Northern Indian is a foreign land to me. So when a plan to have my visiting American friend take a “Golden Triangle” tour (which is not what you might think) by herself was nixed, I went with her for a quick four days to Delhi and Agra. Time being at a premium, we flew from Pune to New Delhi and were picked up at the airport by a car service, whose driver would best be described as painfully earnest. Used to showing tourists the standard spots, he worked hard to conceal his bemusement at our interest in places like the Jantar Mantar observatory
the Crafts Museum
and the National Railway Museum.
The hotel was a standard issue airport hotel: clean enough, with a decent restaurant, and an ensuite bathroom. We plagued the staff with requests for extra blankets, Delhi being colder than Pune in February and most windows not being winterized, which makes a 12 C/53 F temperature pretty uncomfortable. After our second request for more blankets, they brought us four more. We thought they were making some sort of point…
In our two days in Delhi, Jagdish, the earnest sweater-vested driver drove us to the museums and parks we wanted as well as the Nehru Memorial, India’s first Prime Minister’s elegant family home (whose quiet was fantastically disrupted by hordes of stampeding schoolchildren on a field trip). Jagdish also gently but firmly made sure we saw Raj Ghat (Gandhi’s memorial),
the Qutub Minar
the Rashtrapati Bhavan buildings
a temple dedicated to Parvati and Ganesh
and the Baha’i Lotus temple.
Since we thought the son-et-lumiere show at the Lal Quila
would be fun–I used to hear about it from my father–we had Jagdish drop us off there in the evening but then found that we had two hours to kill before the English-language version. This led to us wandering through Chandni Chowk, the crowded and chaotic gateway to Old Dilli that I hadn’t ever thought of traversing.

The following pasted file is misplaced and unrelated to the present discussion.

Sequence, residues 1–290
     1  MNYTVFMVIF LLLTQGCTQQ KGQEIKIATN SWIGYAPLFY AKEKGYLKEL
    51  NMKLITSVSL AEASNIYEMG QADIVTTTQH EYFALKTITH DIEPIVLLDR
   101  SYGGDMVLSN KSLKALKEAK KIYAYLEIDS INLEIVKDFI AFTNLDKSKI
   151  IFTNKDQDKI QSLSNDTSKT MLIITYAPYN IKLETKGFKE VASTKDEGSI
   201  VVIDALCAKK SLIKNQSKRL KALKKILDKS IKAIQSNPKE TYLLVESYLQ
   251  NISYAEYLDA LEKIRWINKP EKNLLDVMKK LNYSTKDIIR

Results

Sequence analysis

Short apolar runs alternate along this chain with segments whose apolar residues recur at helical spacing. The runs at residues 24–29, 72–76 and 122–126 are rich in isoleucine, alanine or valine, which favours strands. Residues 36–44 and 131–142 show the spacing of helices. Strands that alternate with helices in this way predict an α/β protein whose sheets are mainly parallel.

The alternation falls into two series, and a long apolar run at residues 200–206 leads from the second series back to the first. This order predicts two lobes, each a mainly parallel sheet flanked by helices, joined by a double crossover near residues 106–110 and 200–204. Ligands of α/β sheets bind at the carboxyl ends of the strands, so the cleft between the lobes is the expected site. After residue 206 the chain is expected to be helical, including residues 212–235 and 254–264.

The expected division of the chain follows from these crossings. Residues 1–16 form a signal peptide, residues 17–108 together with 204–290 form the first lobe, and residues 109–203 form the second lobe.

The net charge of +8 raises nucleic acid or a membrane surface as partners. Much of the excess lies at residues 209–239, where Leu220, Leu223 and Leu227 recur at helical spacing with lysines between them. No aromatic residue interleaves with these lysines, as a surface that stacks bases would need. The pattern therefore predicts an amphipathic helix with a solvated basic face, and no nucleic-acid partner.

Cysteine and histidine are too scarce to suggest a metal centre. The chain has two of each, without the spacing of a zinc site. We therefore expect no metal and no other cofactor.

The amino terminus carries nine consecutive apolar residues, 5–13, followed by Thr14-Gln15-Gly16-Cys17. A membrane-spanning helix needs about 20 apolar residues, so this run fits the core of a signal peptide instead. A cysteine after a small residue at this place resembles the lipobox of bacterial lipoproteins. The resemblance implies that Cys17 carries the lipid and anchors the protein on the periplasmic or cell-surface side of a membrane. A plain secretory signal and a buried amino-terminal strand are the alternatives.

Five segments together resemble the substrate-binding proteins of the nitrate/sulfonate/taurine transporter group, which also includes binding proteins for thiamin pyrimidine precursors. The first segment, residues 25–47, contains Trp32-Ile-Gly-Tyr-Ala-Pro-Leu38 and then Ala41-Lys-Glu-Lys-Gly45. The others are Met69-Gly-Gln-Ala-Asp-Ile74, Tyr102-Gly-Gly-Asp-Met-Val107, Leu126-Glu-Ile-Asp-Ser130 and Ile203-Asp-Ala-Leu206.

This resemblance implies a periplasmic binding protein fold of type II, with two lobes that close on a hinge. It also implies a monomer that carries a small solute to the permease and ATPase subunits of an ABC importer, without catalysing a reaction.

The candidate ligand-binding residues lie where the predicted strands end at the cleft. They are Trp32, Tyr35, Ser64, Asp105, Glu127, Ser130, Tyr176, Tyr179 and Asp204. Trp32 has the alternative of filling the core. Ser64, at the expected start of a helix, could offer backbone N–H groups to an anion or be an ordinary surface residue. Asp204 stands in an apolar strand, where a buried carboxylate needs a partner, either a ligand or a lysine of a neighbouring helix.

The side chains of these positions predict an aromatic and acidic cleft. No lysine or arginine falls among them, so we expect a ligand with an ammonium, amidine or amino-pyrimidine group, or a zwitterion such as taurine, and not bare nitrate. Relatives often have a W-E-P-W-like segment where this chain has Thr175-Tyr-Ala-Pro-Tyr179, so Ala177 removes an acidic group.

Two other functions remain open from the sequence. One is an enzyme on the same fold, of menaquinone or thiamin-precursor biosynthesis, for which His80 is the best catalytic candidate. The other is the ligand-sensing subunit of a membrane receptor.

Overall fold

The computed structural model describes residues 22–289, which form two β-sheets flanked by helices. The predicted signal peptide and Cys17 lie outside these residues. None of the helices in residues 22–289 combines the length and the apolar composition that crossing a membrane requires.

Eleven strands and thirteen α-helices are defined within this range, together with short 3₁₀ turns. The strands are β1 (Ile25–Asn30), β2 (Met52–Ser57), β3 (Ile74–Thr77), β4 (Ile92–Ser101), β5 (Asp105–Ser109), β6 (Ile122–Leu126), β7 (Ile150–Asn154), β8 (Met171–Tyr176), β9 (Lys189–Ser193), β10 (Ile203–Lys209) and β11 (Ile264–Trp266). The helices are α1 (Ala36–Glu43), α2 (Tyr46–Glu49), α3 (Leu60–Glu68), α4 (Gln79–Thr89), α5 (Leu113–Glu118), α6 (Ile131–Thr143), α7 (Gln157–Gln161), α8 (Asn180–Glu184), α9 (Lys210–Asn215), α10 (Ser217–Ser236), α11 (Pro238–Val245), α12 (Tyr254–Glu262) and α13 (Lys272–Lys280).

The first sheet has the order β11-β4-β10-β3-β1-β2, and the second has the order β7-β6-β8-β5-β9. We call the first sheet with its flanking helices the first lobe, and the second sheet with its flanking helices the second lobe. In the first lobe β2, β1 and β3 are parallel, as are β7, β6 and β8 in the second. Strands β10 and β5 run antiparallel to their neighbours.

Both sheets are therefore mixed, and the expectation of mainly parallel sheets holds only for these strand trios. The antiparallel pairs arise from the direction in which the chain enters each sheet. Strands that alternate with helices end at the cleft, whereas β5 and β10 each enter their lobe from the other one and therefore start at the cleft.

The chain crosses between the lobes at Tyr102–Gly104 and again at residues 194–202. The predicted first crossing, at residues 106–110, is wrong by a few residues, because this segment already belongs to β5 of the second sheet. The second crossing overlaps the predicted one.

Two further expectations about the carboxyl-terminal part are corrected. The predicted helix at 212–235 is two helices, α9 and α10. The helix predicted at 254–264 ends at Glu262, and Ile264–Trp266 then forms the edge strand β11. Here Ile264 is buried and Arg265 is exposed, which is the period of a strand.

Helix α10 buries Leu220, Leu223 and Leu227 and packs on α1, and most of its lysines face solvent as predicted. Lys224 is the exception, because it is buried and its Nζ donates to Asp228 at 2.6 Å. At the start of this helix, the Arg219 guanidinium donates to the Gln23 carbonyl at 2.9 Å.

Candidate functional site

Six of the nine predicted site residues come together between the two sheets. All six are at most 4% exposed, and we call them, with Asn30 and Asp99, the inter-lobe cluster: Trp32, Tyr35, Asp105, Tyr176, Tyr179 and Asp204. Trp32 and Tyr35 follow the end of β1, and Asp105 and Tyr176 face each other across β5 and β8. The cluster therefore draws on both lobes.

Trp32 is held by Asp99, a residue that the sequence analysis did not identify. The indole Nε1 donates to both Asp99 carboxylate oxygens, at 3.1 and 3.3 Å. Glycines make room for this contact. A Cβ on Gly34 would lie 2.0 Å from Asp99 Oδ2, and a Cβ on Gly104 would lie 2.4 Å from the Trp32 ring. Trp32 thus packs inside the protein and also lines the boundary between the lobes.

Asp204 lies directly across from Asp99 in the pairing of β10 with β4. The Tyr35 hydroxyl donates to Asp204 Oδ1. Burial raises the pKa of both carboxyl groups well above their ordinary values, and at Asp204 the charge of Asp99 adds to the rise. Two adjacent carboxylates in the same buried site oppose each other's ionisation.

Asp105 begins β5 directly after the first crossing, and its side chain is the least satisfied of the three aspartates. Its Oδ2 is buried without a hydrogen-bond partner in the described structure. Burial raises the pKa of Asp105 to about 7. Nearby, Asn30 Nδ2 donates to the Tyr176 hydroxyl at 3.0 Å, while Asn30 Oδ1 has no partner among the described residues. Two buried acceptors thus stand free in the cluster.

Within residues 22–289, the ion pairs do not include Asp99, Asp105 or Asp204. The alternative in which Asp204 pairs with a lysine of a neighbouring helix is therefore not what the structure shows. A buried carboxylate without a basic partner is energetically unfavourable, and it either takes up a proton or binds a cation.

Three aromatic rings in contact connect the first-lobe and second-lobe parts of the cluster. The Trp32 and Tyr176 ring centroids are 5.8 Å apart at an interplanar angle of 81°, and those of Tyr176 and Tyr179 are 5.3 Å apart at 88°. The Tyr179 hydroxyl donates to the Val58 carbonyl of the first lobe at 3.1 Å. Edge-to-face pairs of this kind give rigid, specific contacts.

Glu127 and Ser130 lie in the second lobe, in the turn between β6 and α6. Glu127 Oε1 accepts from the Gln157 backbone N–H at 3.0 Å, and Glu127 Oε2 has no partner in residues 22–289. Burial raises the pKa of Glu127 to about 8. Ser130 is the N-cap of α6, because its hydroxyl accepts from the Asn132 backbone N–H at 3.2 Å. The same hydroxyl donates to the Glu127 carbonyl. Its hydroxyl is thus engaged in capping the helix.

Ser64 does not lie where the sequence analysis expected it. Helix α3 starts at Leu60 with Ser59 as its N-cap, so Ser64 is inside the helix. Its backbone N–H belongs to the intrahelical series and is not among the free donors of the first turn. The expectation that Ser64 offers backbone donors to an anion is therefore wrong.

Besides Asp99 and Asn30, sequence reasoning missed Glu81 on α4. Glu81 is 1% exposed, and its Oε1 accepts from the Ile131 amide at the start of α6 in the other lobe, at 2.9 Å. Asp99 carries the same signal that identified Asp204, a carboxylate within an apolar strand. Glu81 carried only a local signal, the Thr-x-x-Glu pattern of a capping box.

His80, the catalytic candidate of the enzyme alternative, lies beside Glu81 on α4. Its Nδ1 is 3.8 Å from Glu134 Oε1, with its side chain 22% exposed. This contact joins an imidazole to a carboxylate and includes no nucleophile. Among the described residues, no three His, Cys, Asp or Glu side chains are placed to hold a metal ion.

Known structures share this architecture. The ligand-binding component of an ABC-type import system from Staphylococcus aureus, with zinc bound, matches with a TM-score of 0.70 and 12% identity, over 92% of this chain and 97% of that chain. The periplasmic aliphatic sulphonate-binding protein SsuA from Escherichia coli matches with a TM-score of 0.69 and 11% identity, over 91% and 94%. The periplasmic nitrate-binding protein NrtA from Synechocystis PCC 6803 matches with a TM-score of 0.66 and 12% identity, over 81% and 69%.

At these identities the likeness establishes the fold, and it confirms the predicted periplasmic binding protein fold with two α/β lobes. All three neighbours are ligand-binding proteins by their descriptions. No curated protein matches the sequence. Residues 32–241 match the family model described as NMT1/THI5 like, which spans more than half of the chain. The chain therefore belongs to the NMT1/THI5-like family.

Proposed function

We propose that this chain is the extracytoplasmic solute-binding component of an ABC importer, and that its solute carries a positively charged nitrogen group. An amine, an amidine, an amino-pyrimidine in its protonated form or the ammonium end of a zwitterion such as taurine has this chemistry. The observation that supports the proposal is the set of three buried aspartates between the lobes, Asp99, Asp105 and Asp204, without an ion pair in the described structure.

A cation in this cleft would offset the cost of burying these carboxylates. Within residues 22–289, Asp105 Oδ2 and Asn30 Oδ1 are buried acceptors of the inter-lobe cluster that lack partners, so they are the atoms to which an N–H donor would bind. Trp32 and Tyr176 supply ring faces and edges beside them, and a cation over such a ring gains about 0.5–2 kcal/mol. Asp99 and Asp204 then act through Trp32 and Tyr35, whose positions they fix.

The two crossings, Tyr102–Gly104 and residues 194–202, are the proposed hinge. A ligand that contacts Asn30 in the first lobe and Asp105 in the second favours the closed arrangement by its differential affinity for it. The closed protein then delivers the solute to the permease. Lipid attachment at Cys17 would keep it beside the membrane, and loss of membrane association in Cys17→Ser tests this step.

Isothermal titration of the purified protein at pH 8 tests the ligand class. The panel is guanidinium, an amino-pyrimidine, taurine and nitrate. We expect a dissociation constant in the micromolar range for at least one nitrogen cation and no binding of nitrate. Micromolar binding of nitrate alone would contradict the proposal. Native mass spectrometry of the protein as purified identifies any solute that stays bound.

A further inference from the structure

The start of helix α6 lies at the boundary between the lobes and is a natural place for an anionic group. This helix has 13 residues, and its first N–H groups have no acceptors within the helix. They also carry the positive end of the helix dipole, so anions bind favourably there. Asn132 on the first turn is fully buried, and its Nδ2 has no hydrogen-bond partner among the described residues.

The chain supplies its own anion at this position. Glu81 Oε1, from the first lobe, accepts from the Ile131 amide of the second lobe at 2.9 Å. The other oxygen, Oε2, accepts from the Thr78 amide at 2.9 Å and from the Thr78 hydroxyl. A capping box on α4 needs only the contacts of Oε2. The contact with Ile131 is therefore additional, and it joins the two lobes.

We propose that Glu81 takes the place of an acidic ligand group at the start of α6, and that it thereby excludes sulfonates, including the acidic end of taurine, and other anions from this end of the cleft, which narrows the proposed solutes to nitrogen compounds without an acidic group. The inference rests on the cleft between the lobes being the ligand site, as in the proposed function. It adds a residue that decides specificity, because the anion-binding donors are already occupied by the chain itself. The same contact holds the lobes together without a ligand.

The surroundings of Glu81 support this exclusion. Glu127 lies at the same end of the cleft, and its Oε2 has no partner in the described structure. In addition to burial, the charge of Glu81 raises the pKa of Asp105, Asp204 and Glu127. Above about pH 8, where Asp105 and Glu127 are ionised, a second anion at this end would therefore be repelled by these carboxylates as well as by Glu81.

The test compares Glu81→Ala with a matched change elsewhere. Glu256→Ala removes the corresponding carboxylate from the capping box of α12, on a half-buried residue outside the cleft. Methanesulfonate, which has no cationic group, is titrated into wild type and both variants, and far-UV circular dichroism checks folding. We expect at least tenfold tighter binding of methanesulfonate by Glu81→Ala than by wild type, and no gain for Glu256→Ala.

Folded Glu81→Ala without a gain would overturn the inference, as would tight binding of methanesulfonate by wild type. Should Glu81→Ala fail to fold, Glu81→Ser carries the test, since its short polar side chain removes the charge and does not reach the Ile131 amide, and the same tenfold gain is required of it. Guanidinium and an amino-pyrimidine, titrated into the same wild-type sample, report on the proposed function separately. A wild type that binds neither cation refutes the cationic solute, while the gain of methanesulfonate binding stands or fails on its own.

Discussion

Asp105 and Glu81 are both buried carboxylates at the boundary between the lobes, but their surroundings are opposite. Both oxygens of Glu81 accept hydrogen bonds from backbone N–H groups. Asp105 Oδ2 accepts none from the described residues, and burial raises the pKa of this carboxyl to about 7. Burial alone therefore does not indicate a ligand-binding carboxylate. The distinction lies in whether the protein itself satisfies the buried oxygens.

We peeped into a Jain temple filled with devout followers and crowned by a great wire-mesh bird (since it doubles as a bird hospital–go figure),
and walked by a Gurudwara, a Shiv temple, a mosque, and a church with Urdu inscriptions.
If there was ever a place where an imam, a priest, and a pundit could walk into a bar…
The son-et-lumiere show proved to be far less interesting than a subsequent conversation with the security guards (probably regular army soldiers), one of whom exhorted me to tie the knot. I wasn’t sure whether he wanted my number for himself or if he had an eligible young man whose family he meant to give it to.* Fortunately, Jagdish called to see where we were and we managed to escape from the somewhat interesting but suspiciously interested jawaans.
New Delhi is a very different city compared to Bombay or Pune: beautifully designed, with wide boulevards and well marked streets.
To see much of it from inside an air conditioned, chauffeured (albeit non-luxury) car, was a disorienting experience. When I was growing up, taking a cab was a huge indulgence, one we partook of only two or three times a year. Even now, I don’t own a car and tend to walk, bike, or take public transport everywhere. A car service separates you from the everyday, from heat and dust and sexual harassment, always an ever-present concern, but even more so in Delhi today. But it’s a privileged position, with a driver who stayed at our beck and call, apparently only eating before he picked us up and after he dropped us off. It was a discomfiting luxury, a glimpse of an India that is becoming foreign to me.
(*He was one of about a dozen people, including cabbies, rickshaw drivers, the cleaning lady, etc, who asked about my marital status and my salary in the three week trip.)